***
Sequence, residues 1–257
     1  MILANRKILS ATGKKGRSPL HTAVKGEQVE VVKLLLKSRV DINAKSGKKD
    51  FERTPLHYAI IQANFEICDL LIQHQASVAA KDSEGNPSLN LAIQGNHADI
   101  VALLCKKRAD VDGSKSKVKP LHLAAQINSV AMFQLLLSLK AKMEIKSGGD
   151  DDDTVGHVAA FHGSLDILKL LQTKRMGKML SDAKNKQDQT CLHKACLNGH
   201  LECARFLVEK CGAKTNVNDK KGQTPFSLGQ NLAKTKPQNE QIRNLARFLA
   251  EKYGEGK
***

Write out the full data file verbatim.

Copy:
Sequence, residues 1–257
     1  MILANRKILS ATGKKGRSPL HTAVKGEQVE VVKLLLKSRV DINAKSGKKD
    51  FERTPLHYAI IQANFEICDL LIQHQASVAA KDSEGNPSLN LAIQGNHADI
   101  VALLCKKRAD VDGSKSKVKP LHLAAQINSV AMFQLLLSLK AKMEIKSGGD
   151  DDDTVGHVAA FHGSLDILKL LQTKRMGKML SDAKNKQDQT CLHKACLNGH
   201  LECARFLVEK CGAKTNVNDK KGQTPFSLGQ NLAKTKPQNE QIRNLARFLA
   251  EKYGEGK